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The most expensive piece of wine real estate in the world perhaps?

In 2019 my partner and I visited Lyon, France for five weeks and during that time spent considerable time in and around Beaune - the spiritual home of wine makers the world over. We hired a tour guide with a four wheel drive who took us to many places and some outstanding vineyards at the tops of steep rocky hills and told us the history of the area.

He described how the whole area had been once under the sea. The sea then retreated but returned 25 million years later, covering only the area south of Beane (the Cote de Beane) so the limestone south of Beane is 25 million years younger. They believe that is the explanation for why pinot noir is mostly grown in the north (the Cote de Nuits) and chardonnay is mostly grown in the south.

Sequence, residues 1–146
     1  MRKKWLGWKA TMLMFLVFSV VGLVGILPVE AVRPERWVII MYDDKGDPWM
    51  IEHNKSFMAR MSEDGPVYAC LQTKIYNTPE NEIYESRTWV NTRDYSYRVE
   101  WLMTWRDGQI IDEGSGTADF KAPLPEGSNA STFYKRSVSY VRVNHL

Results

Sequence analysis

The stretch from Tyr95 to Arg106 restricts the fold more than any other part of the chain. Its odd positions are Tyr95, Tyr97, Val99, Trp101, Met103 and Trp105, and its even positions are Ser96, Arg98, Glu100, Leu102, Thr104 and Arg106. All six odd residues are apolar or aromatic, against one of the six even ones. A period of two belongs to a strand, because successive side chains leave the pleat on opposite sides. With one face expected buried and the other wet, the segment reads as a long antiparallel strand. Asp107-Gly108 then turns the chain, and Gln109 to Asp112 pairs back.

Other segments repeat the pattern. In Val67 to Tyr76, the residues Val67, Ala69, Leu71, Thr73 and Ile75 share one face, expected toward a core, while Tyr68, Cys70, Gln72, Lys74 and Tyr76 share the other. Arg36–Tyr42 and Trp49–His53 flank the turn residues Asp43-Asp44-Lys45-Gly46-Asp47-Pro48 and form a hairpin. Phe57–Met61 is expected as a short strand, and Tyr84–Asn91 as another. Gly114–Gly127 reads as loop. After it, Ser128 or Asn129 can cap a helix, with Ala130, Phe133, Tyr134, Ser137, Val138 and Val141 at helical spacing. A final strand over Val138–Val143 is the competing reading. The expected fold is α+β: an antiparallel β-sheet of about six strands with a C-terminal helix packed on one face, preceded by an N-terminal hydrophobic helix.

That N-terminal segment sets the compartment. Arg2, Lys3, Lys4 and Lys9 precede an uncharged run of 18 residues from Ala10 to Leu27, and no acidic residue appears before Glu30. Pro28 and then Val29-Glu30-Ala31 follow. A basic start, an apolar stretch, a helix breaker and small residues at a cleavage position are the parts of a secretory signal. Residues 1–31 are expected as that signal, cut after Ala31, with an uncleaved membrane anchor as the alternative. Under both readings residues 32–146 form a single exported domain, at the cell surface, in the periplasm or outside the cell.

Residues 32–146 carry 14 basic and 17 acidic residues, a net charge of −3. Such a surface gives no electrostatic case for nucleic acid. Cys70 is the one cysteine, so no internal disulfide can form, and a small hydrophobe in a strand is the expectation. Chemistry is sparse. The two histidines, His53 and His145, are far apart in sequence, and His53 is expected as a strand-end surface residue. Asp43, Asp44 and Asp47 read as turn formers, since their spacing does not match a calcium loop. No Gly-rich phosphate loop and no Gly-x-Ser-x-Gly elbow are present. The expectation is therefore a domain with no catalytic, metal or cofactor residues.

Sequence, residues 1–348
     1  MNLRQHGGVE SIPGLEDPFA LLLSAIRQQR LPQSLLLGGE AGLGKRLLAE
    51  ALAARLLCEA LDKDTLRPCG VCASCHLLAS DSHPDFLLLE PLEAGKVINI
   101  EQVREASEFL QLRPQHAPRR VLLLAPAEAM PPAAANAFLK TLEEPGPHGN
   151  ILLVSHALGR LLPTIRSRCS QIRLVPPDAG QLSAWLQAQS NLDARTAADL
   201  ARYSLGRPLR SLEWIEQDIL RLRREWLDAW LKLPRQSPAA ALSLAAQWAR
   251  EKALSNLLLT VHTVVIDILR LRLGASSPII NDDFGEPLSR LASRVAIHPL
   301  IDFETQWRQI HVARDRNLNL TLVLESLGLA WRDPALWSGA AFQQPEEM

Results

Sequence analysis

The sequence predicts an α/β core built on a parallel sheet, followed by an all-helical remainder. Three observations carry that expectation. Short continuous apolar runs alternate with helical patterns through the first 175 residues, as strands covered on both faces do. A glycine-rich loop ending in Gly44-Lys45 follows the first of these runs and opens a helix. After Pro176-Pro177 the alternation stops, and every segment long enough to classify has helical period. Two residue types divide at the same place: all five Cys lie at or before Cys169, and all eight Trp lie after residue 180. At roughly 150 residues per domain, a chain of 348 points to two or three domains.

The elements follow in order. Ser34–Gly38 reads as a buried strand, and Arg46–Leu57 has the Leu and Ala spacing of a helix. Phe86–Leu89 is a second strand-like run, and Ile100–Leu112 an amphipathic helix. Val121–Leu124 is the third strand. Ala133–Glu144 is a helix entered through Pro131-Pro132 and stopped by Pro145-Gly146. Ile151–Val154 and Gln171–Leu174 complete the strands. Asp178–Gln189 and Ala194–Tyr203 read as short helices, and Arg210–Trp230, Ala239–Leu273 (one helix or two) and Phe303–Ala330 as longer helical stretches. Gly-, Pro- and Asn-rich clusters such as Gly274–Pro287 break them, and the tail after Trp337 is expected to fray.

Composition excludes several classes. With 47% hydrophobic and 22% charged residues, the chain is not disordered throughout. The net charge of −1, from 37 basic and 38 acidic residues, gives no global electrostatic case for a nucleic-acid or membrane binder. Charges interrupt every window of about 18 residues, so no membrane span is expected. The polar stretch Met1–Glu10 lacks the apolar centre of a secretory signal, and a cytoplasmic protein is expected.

The best vineyards (Grand Cru and Premier Cru), are on the slopes because the limestone gives excellent drainage - better then the valley floor and the top of the rocky hills. He also told us that after the French revolution aristocrats and church owners were displaced and the allocation of all wine land was given to the worker's families and what has happened in the subsequent centuries as families have tried to hold onto those precious hectares. Some are only two hectares in size. For instance the picture shows the Romanee Conti vineyards owned by Domaine de la Romanee Conti- in 2018 it produced bottles of wine which retailed for $39,000 each!

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